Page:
If Fultz is supposed to be a transformational NBA talent, why was his college team so abysmal? If his presence alone can’t generate an NCAA Tournament appearance, can an NBA franchise expect his presence to eventually result in playoff appearances — even when he’s 5-7 years older?
There is this strange, unsettling movement among "smart" basketball analysts who seem to believe that wins and losses are somehow a secondary concern. We hear this all the time when an NBA team is out of playoff contention and writers declare they need to tank in order to improve their draft odds, as if tickets are free and games aren’t broadcast and ads aren’t sold. Sure, it can be viewed as "smart," but losing is still losing.
Not to go all Herm Edwards on you, but seriously, what’s the point of all this if winning doesn’t matter?
(Also, Fultz shot only 65 percent from the foul line on nearly 7 attempts a game — a surprisingly bad number for a player who will likely shoot a lot of free throws.)
On a scale from 1 (Steve Nash at the free-throw line) to 10 (Chris Dudley at the free-throw-line) Fultz’s inability to lead his team to a win over a single quality NCAA opponent rates at a 7.
What Lorenzo Romar did to Fultz’s freshman season was a basketball tragedy.
The new associate head coach for Sean Miller and the Arizona Wildcats is one of the nation’s finest recruiters and is a beloved figure in the thriving Pacific Northwest basketball community, but it’s almost impossible to lose that many games with a player as talented as Fultz.
Fultz was born to play in a spread pick-and-roll system surrounded by shooters, giving him space to operate. Romar, instead, chose to keep the floor cramped with two non-shooting big men for most of Fultz’s minutes. It’s a miracle Fultz was still somehow able to find room, but he had to have perfect possessions every single trip down the floor in order for the Huskies to get a clean look at the rim.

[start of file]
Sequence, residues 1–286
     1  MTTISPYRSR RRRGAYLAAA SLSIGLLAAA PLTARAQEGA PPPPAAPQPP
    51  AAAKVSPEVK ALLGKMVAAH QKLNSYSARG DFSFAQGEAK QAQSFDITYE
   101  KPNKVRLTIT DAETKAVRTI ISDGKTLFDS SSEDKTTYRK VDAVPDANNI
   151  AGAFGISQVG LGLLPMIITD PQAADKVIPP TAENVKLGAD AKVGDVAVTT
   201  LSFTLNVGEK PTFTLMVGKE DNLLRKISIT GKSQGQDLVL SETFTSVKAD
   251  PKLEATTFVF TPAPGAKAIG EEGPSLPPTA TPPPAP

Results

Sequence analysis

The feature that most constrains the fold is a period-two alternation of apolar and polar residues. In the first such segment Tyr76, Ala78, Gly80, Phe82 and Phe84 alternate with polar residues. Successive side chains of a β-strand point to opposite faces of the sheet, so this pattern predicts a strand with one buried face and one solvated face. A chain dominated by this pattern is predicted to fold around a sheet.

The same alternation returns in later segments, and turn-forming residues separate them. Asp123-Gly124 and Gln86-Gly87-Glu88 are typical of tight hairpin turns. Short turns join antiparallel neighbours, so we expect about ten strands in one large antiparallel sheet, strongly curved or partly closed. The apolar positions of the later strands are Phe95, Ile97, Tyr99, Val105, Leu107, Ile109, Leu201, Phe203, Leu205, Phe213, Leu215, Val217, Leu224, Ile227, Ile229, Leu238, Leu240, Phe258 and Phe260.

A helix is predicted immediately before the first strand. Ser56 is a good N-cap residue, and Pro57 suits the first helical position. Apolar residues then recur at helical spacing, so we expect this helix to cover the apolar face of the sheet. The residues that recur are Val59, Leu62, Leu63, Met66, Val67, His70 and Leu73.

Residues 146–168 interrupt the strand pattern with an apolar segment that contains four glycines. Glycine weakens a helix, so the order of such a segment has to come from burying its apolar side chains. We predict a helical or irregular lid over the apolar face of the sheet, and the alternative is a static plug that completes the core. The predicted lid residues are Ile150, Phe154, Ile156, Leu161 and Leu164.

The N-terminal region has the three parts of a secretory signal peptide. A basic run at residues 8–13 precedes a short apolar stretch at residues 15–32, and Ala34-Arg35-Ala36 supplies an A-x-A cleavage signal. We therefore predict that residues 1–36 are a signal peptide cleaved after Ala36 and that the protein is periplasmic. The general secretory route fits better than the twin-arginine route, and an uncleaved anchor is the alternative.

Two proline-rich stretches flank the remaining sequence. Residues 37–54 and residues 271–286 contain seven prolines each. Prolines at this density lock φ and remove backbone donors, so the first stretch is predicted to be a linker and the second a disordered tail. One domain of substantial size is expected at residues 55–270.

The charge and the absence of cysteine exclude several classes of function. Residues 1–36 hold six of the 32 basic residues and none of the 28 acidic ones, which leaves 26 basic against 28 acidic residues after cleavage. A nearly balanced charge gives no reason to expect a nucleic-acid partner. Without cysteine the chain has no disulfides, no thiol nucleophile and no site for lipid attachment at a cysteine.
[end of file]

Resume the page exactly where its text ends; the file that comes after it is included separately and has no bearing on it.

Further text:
Despite playing big lineups in most games, Washington gave up more than 81 points per outing — 329 out of 347 college basketball programs. Romar found a way to pull off the impossible — surround college basketball’s best singular talent with lineups that couldn’t defend or space the floor. Outside of Fultz, only David Crisp (36.7) and Matisse Thybulle (40.5) made more than one-third of their 3-point attempts.
Despite all this, Fultz never got down on himself or his teammates. Unlike a previous No. 1 overall pick with a subpar supporting collegiate cast, Fultz played his tail off every single time he suited up. The losing didn’t seem to affect Fultz’s attitude or effort. It’s understandable — almost inevitable — to see a teenager succumb to all that losing. Fultz kept at it before a knee injury put an early end to his season.
On a scale from 1 (Ben Simmons at LSU) to 10 (Buddy Hield at Oklahoma), Fultz’s pre-NBA setting rates a 3. College basketball did Fultz no favors.
Ideal NBA Ecosystem
Fultz can play for any team at either guard spot. The only franchise that could potentially pull a Romar on him is the New York Knicks, given Phil Jackson’s maniacal devotion to a shape.
Any team that plays a modern style of basketball can benefit from what Fultz brings to the table. He receives a lot of James Harden comparisons, but that is a bit unfair. Nobody plays like James Harden, with his mix of maximum physicality and off-kilter hesitations. Harden’s game is like the hiccups — jarring, jolting, unexpected, erratic.
Fultz is much smoother and more traditional. It’s easy to imagine a scenario in which Fultz is the lead creator on a 50-win team, as long as he’s surrounded by shooters. Any lottery team would be lucky to have him.
On a scale from 1 (Danny Green bouncing around the NBA until he found the ideal fit with the Spurs) to 10 (the 12-or-so guys in the NBA who can succeed regardless of the situation), Fultz’s ideal NBA ecosystem rating is an 8.
Let’s just hope Fultz doesn’t spend the bulk of his rookie contract playing for a franchise trying to lose on purpose. He’s taken enough L’s.